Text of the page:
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Thread: All Things Middle Grade

  1. #2476
    New Fish; Learning About Thick Skin jlmott's Avatar
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    I've been skimming through the MG thread, and don't know if this point has been touched on yet. I've written 3 MG novels so far (none published though I am exploring the waters for the third one), starting a fourth, and I find that none of them are really related to each other. That is, they could not be bundled up into a single genre. The first is an cute anthropomorphic story, the second an adventure set in 19 century Italy, the third a silly comic sci-fi, and the current one more a gothic horror. Now I write these because they happen to be the ideas that pop in my head. As someone who getting ready to seriously enter the choppy waters of publishing (unlike the awkward floundering I've been doing up till now) is there an expectation of a new writer that they be identified with a particular genre or type of story? This concerns me sometimes, because I hope, assuming I make any headway, to have some freedom to write what I want to write. It's possible I am getting way ahead on myself at this point, but I was curious.

  2. #2477
    New Fish; Learning About Thick Skin Cariad's Avatar
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    Interesting article for new authors in the Guardian, if anyone's interested: Top writing tips for new children's authors from top editors

    Quote Originally Posted by jlmott View Post
    I've been skimming through the MG thread, and don't know if this point has been touched on yet. I've written 3 MG novels so far (none published though I am exploring the waters for the third one), starting a fourth, and I find that none of them are really related to each other. That is, they could not be bundled up into a single genre. The first is an cute anthropomorphic story, the second an adventure set in 19 century Italy, the third a silly comic sci-fi, and the current one more a gothic horror. Now I write these because they happen to be the ideas that pop in my head. As someone who getting ready to seriously enter the choppy waters of publishing (unlike the awkward floundering I've been doing up till now) is there an expectation of a new writer that they be identified with a particular genre or type of story? This concerns me sometimes, because I hope, assuming I make any headway, to have some freedom to write what I want to write. It's possible I am getting way ahead on myself at this point, but I was curious.
    Hi! Sounds like you're in a similar boat to me, so I can only offer you my opinion, but it seems like what you're describing is what happens when someone's learning any craft: you try everything, see what you're good at, and eventually narrow it down to a type or genre you're confident you can sell, much like painters or sculptors do. The only time I have heard of someone writing like that was when I was given some information way back when about a 'hot-housing' company that takes proven writers on to write individual books in a series about, say, fairies or dragons or vampires etc.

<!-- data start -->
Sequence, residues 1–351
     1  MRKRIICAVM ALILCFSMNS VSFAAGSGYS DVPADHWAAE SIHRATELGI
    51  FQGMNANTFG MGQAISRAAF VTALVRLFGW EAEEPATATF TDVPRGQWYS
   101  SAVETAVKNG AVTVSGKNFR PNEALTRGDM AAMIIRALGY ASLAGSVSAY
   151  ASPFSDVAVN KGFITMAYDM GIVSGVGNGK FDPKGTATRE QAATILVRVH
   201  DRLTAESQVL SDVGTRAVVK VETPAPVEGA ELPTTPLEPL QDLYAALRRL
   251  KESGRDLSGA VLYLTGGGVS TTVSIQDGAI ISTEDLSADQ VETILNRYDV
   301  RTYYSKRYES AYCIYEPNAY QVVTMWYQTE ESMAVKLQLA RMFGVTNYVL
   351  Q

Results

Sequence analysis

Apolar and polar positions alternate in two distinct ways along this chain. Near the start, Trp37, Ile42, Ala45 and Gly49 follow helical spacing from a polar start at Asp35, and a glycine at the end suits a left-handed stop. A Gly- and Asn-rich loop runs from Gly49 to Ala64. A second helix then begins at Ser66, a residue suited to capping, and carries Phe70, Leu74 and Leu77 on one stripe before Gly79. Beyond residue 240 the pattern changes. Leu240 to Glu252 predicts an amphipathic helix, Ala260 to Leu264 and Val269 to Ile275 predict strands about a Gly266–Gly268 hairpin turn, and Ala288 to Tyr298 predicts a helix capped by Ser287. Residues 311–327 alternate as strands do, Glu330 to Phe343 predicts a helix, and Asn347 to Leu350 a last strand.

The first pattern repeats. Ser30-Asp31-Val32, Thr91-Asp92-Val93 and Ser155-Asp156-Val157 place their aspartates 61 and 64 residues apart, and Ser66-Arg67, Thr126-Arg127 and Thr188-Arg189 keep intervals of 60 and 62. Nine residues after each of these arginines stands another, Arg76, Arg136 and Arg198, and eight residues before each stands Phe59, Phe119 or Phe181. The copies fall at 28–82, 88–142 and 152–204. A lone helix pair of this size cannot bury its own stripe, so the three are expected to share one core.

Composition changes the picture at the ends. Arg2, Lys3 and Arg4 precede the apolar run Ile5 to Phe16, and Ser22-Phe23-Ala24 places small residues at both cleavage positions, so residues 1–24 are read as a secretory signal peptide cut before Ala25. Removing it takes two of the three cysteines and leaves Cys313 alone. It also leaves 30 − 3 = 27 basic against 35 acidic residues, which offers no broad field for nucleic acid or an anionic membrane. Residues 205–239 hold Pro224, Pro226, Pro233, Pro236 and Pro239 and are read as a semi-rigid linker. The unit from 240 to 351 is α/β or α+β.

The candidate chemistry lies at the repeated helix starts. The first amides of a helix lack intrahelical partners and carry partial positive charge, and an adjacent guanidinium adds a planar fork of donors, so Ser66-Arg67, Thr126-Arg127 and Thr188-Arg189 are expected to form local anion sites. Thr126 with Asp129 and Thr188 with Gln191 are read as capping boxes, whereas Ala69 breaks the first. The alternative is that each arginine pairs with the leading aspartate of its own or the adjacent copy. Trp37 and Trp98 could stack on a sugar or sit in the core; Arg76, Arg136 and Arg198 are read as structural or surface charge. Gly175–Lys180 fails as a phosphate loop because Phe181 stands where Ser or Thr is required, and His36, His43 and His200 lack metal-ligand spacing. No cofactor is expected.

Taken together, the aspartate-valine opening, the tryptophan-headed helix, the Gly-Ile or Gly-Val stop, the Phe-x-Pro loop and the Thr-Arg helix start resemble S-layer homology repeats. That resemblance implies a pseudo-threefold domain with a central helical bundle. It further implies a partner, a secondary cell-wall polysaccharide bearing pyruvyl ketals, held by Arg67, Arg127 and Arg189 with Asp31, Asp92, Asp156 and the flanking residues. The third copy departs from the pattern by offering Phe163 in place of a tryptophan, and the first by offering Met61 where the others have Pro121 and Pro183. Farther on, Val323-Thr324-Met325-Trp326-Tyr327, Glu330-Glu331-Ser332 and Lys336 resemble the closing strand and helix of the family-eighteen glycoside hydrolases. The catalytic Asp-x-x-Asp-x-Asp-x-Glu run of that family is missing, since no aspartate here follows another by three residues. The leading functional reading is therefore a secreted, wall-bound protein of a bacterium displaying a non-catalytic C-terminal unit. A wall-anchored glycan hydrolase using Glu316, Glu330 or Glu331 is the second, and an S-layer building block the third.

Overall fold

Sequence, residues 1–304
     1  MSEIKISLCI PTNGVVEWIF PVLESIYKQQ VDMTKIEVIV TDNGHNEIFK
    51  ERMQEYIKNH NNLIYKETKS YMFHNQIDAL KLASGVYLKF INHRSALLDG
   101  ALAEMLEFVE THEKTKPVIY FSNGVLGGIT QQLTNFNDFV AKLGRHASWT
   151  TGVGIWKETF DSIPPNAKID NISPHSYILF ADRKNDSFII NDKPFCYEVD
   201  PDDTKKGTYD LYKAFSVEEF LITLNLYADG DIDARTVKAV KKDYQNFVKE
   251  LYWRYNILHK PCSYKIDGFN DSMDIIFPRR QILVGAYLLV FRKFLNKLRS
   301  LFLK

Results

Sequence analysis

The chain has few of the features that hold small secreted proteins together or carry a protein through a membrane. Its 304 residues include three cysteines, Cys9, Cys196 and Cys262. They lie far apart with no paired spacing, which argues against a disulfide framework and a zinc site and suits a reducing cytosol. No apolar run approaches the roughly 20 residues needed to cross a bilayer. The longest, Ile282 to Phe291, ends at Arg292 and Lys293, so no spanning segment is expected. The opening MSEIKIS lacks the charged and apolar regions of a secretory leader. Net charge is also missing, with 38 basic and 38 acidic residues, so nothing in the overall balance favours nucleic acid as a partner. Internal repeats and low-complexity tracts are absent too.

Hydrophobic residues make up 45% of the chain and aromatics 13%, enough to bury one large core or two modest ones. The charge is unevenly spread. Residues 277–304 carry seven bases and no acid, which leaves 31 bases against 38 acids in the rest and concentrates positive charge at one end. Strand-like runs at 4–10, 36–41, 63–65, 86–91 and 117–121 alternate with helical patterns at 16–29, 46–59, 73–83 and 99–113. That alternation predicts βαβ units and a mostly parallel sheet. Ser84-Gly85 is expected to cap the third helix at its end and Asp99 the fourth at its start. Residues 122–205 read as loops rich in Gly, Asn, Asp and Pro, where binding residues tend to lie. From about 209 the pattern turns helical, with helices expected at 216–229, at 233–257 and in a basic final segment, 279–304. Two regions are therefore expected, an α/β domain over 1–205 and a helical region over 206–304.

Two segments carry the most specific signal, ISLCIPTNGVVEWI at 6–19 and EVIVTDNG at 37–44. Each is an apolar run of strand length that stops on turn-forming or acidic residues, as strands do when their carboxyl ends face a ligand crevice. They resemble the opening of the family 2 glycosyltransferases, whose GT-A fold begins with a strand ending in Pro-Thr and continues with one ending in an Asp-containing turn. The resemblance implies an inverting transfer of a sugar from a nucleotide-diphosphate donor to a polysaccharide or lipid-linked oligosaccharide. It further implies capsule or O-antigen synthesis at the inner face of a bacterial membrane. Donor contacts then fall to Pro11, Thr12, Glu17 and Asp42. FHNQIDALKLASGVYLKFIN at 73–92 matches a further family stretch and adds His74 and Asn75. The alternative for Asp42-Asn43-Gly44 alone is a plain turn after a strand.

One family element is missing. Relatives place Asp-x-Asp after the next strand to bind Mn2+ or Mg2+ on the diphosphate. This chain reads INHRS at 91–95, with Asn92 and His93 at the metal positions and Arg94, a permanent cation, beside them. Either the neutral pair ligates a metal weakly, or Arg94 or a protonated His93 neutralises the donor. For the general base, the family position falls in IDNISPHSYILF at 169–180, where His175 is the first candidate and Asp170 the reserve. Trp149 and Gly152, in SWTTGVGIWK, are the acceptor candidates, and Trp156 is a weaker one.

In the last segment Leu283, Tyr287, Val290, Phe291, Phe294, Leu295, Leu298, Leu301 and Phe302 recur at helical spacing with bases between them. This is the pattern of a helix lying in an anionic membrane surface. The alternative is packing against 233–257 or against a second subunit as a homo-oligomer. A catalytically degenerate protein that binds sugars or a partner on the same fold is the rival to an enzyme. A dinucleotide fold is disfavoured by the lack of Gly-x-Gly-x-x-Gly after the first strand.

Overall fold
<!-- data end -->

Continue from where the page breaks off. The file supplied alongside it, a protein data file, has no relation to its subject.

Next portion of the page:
Do you perhaps have a central character/world that runs through them all?
    Which one do you think is your strongest?
    * tempus fugit, semper amici *

  3. #2478
    New Fish; Learning About Thick Skin jlmott's Avatar
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    Quote Originally Posted by Cariad View Post
    Interesting article for new authors in the Guardian, if anyone's interested: Top writing tips for new children's authors from top editors



    Hi! Sounds like you're in a similar boat to me, so I can only offer you my opinion, but it seems like what you're describing is what happens when someone's learning any craft: you try everything, see what you're good at, and eventually narrow it down to a type or genre you're confident you can sell, much like painters or sculptors do. The only time I have heard of someone writing like that was when I was given some information way back when about a 'hot-housing' company that takes proven writers on to write individual books in a series about, say, fairies or dragons or vampires etc.

    Do you perhaps have a central character/world that runs through them all?
    Which one do you think is your strongest?
    There isn't a central character that runs through any of them, and the worlds described in each are unique to themselves and do not overlap. As for which is the strongest, I think the sci-fi comedy is the most commercially viable, and it is the one I plan to submit to agents as soon as I can get the query letter I've been working on just right (which may take as long as writing the novel!).